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Xiongkuo Min
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Sat, 11/30/2019 - 00:37
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Smartphone has been one of the most popular digital devices in the past decades, with more than 300 million smartphones sold every quarter in the world wide. Most of the smartphone vendors, such as Apple, Huawei, Samsung, launch their new flagship smartphones every year. People use smartphone cameras to shoot selfie photos, film scenery or events, and record videos of family and friends. The specifications of smartphone camera and the quality of taken pictures are major criteria for consumer to select and buy smartphones. Many smartphone manufacturers also introduce and advertise their smartphones by introducing the strengths and advantages of their smartphone cameras. However, how to evaluate the quality of smartphone cameras and the taken pictures remains a problem for both smartphone manufacturers and confumers. Currently in the market, there are several teams and companies who evaluate the quality of smartphone cameras and announce the ranking and scores of the quality of smartphone cameras, and the scores of smartphone cameras are subjectively graded by several photographers and experts from different aspects, such as exposure, color, noise and texture. However, subjective assessment is not easy to reproduce, and it is not easy to deploy in practical image processing systems.

In the last two decades, objective image quality assessment (IQA) has been widely researched, and a large amount of objective IQA algorithms have been designed to automatically and accurately estimate the quality of images. However, most of objective IQA methods are designed to assess the overall perceived quality of the image degraded by various simulated distortions, which rarely exist in pictures taken by the modern smartphone cameras. Thus these methods are not suitable for the task of smartphone camera quality assessment, while objective evaluation methods specifically designed for the purpose of smartphone camera quality assessment are relatively rare.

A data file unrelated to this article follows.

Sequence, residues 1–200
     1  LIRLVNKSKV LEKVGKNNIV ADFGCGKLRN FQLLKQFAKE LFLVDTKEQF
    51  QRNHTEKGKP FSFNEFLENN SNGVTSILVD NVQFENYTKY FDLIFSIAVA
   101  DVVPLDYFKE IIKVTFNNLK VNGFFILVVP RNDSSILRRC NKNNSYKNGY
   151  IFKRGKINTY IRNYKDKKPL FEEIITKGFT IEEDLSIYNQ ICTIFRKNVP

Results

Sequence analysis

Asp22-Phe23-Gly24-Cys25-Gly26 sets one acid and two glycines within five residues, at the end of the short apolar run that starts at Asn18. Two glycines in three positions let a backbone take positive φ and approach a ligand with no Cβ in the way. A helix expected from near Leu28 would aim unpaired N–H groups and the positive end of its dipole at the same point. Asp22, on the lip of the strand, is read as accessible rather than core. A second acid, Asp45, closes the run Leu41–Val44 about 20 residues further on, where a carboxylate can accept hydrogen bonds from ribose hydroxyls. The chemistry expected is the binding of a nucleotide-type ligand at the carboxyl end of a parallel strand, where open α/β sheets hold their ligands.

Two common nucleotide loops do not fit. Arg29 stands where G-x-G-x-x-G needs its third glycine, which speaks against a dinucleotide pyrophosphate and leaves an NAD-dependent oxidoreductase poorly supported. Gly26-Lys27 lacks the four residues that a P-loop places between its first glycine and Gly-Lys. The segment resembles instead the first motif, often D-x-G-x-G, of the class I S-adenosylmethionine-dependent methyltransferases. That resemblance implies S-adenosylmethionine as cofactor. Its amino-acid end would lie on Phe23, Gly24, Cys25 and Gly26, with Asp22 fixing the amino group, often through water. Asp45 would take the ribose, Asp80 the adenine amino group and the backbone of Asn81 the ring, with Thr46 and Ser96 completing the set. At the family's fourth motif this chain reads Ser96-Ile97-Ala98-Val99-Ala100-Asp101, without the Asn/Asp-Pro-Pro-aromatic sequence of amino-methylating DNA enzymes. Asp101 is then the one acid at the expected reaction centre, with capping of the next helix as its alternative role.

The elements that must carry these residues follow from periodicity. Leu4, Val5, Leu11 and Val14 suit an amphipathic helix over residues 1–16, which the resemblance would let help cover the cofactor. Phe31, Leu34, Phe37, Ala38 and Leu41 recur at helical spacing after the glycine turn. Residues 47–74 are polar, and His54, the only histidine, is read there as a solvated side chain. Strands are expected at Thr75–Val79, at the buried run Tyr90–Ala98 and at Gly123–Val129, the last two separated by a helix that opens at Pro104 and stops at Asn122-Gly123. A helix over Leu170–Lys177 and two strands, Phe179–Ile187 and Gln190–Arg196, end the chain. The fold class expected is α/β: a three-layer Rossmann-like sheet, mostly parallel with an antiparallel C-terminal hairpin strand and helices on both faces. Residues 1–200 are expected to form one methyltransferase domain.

The purpose of this Grand Challenge is to drive efforts of image quality assessment towards smartphone camera quality assessment. With this Grand challenge, it is expected to develop objective smartphone camera quality assessment models from four different aspects, including exposure, color, noise and texture, by using the datasets released by the organizers. The goal is to provide reference quality rankings or scores for smartphone cameras and to both smartphone manufacturers and consumers.

Participants are asked to submit four computational models to cacluate the rankings of smartphone camera from four aspects: exposure, color, noise and texture.


A training dataset will be available. It is composed of 1500 pictures taken from 100 scenes using 15 smartphones. The 15 smartphones cover a wide price range. The dataset includes various challenge scenes, e.g. high dynamic scenes, backlight scenes, night scenes, colorful scenes, portraits and distant scenes. For the 15 pictures of the same scene, four rankings of the quality of 15 smartphone cameras in four aspects: exposure, color, noise and texture will be provided. The 15 smartphones, are named and provided as Device A, Device B, and so on, and the realistic details of these smartphones will not be provided.

In our training dataset, 1 in rankings means the best performance and 15 means the worst. When several smartphones have same performance, we will provide their average rankings. For example, Device A, B, C, and their positions in the whole ranking are 3, 4, 5, we define them as ranking 4.

Please do not hesitate to contact us via email: if you have queries about the dataset.



Submitted by Wenhan Zhu on Fri, 11/08/2019 - 07:07

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[1] Xiongkuo Min, "QA4Camera", IEEE Dataport, 2019. [Online]. Available: Accessed: Jul. 07, 2020.
doi = {10.21227/875n-8q28},
url = {},
author = {Xiongkuo Min },
publisher = {IEEE Dataport},
title = {QA4Camera},
year = {2019} }
T1 - QA4Camera
AU - Xiongkuo Min
PY - 2019
PB - IEEE Dataport
UR - 10.21227/875n-8q28
ER -
Xiongkuo Min. (2019). QA4Camera. IEEE Dataport.
Xiongkuo Min, 2019. QA4Camera. Available at:
Xiongkuo Min. (2019). "QA4Camera." Web.
1. Xiongkuo Min. QA4Camera [Internet]. IEEE Dataport; 2019. Available from :
Xiongkuo Min. "QA4Camera." doi: 10.21227/875n-8q28